The European Business Council for Africa

Following the 2013 French military intervention in Mali, significant attention has been paid to issues of security and development in the Sahel. The stability of Sahelian countries and the capacity of their governments to manage social change and resulting tensions have major security implications for migration flows, economic development, and health concerns both for local people and for the broader international community. The rise of violent religious extremism in the region and the varied efforts to curtail its spread have raised international alarm and prompted important resources to be invested by both domestic governments and foreign partners. This paper offers a broad overview of the current situation in the Sahel paying attention to the intersecting and overlapping issues of security and development. The paper then interrogates three central themes—poverty, migration, and conflict—adopting a historical perspective to examine long-term trends in the region. In doing so, it aims to contribute to contemporary policy discussions by offering evidence of how these dynamics have either changed or persisted across this centrally important region during the last several decades.


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Three conflict trends as seen by Crisis Group analysts  

➤ Israel-Iran: Syrian state media on Thursday reported Israeli airstrikes in Quneitra province. Crisis Group expert Naysan Rafati says this incident may be the latest in a series of frequent and often unacknowledged Israeli operations against Iran and Iran-linked targets. Recent unconfirmed reports that the high-risk cat-and-mouse game could also be playing out in Iraq underscores growing tensions in what one Israeli official described as a “quasi-state of war” with Iran.

➤ Nigeria: A Boko Haram attack on a funeral and villages near Maiduguri in north east Nigeria on Saturday killed over 70 people. Crisis Group expert Nnamdi Obasi says despite the government’s insistence that it has defeated Boko Haram, this incident, amid a recent surge of attacks, underscores the insurgency’s resilience, the military's deficiencies and the need for a broader strategy that addresses the factors that contribute to the insurgency, including weak governance and a lack of basic services.

➤ Sudan: Protests erupted Monday in the city of El-Obeid in response to an incident in which security forces opened fire on demonstrators protesting fuel and bread shortages, killing six, including four children, and injuring 60. Crisis Group expert Murithi Mutiga says the repeated violent crackdowns on protesters appear to be attempts by elements of the ruling junta to derail the transition and underscore the need for concerted international pressure to push the ruling Transitional Military Council to back down, finalise outstanding details of a power-sharing deal agreed in July and accept a civilian-led transition.

Three conflict trends as seen by Crisis Group analysts  

➤ Korean Peninsula: A joint Russian-Chinese air exercise on Tuesday entered the airspace over a group of islets in the East Sea controlled by South Korea but also claimed by Japan. Crisis Group expert Christopher Green says the decision by South Korea’s air force to fire hundreds of warning shots is unprecedented. Seoul feels threatened by the regional military postures adopted by Moscow and Beijing, but the incident also offered South Korea a chance to assert its sovereignty over the islets at a time of rising tensions with Japan.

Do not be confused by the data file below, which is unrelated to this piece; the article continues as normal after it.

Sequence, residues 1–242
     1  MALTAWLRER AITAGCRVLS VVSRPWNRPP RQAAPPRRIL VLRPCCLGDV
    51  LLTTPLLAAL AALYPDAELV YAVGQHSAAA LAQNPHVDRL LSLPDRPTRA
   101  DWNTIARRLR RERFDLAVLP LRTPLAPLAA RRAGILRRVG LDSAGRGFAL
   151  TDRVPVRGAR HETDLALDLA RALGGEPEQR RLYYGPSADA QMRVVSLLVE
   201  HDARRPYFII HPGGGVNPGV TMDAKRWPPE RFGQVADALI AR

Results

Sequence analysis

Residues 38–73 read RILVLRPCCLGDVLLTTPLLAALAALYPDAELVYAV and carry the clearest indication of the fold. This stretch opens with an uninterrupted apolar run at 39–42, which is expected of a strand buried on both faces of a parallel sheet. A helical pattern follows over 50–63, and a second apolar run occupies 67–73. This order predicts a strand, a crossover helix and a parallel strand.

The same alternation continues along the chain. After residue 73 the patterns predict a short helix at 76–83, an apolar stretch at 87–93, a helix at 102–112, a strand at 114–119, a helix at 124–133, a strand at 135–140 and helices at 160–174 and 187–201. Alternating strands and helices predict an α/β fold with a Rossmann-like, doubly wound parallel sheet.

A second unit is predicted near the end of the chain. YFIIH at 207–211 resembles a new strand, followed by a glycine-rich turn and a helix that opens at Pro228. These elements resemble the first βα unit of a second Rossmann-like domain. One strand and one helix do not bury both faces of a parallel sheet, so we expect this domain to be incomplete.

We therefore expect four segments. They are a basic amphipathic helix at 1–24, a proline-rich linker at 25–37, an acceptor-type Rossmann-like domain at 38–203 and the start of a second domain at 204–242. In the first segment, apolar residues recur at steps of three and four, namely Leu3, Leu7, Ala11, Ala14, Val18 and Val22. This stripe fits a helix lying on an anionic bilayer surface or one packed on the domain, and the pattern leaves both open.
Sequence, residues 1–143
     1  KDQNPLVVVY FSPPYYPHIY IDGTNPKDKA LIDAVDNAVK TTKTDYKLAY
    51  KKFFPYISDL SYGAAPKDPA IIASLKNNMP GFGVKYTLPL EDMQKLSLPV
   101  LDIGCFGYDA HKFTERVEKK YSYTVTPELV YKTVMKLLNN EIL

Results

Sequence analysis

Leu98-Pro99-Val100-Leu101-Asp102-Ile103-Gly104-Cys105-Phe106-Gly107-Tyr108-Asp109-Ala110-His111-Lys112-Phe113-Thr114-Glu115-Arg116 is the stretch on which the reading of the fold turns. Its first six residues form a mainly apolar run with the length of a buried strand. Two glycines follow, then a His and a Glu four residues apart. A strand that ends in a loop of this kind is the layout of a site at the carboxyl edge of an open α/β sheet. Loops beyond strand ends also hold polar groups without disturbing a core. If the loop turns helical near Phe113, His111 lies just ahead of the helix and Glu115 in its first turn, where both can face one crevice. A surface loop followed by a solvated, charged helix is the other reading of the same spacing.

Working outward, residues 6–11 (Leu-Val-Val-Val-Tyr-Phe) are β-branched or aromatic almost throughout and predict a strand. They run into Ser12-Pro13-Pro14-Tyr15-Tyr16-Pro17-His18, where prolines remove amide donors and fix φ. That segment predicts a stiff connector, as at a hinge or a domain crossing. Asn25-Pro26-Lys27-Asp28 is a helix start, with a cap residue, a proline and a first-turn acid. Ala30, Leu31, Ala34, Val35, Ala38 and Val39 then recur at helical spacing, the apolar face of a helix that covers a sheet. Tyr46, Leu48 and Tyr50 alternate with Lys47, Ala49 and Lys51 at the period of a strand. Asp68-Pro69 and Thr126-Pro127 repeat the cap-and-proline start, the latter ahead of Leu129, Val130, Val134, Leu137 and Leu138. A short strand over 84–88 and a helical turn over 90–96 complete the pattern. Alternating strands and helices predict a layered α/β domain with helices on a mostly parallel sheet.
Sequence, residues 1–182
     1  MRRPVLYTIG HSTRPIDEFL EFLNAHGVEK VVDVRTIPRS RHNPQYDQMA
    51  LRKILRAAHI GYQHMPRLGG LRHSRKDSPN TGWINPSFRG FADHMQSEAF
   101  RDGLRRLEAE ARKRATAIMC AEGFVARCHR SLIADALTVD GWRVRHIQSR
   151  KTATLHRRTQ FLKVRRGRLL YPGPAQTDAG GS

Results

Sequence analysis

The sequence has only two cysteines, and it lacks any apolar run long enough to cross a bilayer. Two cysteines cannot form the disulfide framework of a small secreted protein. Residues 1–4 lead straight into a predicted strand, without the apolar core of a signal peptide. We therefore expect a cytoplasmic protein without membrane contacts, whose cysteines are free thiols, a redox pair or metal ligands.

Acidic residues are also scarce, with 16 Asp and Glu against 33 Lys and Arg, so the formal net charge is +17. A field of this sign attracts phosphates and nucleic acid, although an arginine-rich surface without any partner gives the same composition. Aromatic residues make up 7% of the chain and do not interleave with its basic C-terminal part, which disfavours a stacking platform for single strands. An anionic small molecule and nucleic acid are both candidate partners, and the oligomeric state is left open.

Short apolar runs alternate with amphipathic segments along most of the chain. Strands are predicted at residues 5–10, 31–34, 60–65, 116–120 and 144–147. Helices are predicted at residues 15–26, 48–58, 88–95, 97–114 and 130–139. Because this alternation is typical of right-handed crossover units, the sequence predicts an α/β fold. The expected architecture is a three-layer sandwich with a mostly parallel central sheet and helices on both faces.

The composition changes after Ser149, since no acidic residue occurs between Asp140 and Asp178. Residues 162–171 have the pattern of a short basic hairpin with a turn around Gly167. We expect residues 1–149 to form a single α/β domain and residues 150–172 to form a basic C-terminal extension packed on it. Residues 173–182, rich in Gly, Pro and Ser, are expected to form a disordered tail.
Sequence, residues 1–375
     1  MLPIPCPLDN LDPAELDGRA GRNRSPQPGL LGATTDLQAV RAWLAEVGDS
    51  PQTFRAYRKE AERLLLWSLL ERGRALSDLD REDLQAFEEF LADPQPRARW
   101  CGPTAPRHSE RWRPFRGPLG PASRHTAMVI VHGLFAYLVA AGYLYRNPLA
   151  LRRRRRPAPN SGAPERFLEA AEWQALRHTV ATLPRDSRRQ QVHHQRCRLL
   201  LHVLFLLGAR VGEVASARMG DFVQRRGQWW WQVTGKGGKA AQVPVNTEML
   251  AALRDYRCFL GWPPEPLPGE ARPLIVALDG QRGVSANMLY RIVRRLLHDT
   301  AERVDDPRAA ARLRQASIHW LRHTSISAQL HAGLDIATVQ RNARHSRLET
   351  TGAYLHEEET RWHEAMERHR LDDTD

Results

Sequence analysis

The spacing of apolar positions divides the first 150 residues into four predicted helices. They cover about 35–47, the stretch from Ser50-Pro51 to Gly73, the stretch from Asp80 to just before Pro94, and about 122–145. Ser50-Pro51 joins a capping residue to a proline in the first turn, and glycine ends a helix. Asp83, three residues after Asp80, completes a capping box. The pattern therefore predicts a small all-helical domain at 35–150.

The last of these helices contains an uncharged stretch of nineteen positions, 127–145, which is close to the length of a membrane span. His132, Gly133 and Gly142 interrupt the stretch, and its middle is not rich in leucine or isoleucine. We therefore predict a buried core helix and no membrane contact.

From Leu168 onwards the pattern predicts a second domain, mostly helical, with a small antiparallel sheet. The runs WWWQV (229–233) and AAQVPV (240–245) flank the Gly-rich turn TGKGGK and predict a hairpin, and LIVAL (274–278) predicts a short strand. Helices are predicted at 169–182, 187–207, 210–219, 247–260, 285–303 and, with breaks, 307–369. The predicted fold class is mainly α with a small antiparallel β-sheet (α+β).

➤ Nigeria: Clashes in Abuja between police and members of the Shi'ite group Islamic Movement of Nigeria (IMN) demanding the release of their leader, who has been detained since 2015, killed over a dozen people on Monday. Crisis Group expert Nnamdi Obasi says IMN agitators are unlikely to relent so long as the government ignores court orders for their leader’s release. The violent repression by security forces is increasing the likelihood of the group’s radicalisation.

Turkey: Ankara suspended its 2016 readmission agreement with the EU in which Turkey agreed to accept the return of irregular migrants and asylum seekers who crossed from its territory to Greece after 20 March 2016. Crisis Group expert Nigar Göksel says that since there has been only a small number of returnees under the deal, the announcement is rather a symbolic move that reflects Turkey’s broader grievances toward the EU, including the lack of progress on visa liberalisation and EU sanctions related to oil drilling near Cyprus. 

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Three conflict trends as seen by Crisis Group analysts  

➤ Democratic Republic of Congo: The World Health Organization declared an international public health emergency on Wednesday after confirming Ebola in a person visiting the eastern city of Goma. Some 1,600 people have died during the current outbreak, centred in the Ituri and North Kivu provinces. Crisis Group expert Nelleke van de Walle says the WHO's action might bring more funding for controlling the outbreak, which has been difficult due to local conflict and distrust of health workers. 

➤ Pakistan: President Imran Khan arrives in Washington on Saturday, days after Pakistani police arrested Lashkar-e Tayyaba leader Hafiz Saeed on terrorism financing charges. The U.S. and India accuse Saeed of organising the 2008 Mumbai terror attacks, which killed 160. Crisis Group expert Laurel Miller says Khan’s government will need to build a strong case so that the courts do not release Saeed.